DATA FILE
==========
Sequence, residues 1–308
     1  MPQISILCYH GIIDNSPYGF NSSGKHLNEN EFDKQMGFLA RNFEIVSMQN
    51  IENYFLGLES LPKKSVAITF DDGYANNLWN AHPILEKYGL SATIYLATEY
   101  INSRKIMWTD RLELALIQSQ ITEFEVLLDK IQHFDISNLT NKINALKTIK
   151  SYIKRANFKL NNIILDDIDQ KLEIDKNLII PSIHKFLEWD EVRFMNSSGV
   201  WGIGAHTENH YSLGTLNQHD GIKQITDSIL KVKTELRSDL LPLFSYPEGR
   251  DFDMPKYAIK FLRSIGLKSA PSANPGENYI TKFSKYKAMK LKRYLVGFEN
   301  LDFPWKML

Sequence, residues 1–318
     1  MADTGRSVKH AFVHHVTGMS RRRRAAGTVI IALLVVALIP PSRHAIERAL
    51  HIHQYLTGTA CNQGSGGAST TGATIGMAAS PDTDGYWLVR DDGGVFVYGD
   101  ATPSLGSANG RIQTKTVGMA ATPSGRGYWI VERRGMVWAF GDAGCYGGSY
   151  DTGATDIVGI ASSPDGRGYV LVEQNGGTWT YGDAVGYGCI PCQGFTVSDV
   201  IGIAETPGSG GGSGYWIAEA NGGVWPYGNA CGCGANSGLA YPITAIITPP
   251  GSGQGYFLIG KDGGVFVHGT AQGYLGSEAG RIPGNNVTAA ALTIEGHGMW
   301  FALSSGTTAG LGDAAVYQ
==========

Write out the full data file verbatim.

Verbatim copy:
Sequence, residues 1–308
     1  MPQISILCYH GIIDNSPYGF NSSGKHLNEN EFDKQMGFLA RNFEIVSMQN
    51  IENYFLGLES LPKKSVAITF DDGYANNLWN AHPILEKYGL SATIYLATEY
   101  INSRKIMWTD RLELALIQSQ ITEFEVLLDK IQHFDISNLT NKINALKTIK
   151  SYIKRANFKL NNIILDDIDQ KLEIDKNLII PSIHKFLEWD EVRFMNSSGV
   201  WGIGAHTENH YSLGTLNQHD GIKQITDSIL KVKTELRSDL LPLFSYPEGR
   251  DFDMPKYAIK FLRSIGLKSA PSANPGENYI TKFSKYKAMK LKRYLVGFEN
   301  LDFPWKML

Sequence, residues 1–318
     1  MADTGRSVKH AFVHHVTGMS RRRRAAGTVI IALLVVALIP PSRHAIERAL
    51  HIHQYLTGTA CNQGSGGAST TGATIGMAAS PDTDGYWLVR DDGGVFVYGD
   101  ATPSLGSANG RIQTKTVGMA ATPSGRGYWI VERRGMVWAF GDAGCYGGSY
   151  DTGATDIVGI ASSPDGRGYV LVEQNGGTWT YGDAVGYGCI PCQGFTVSDV
   201  IGIAETPGSG GGSGYWIAEA NGGVWPYGNA CGCGANSGLA YPITAIITPP
   251  GSGQGYFLIG KDGGVFVHGT AQGYLGSEAG RIPGNNVTAA ALTIEGHGMW
   301  FALSSGTTAG LGDAAVYQ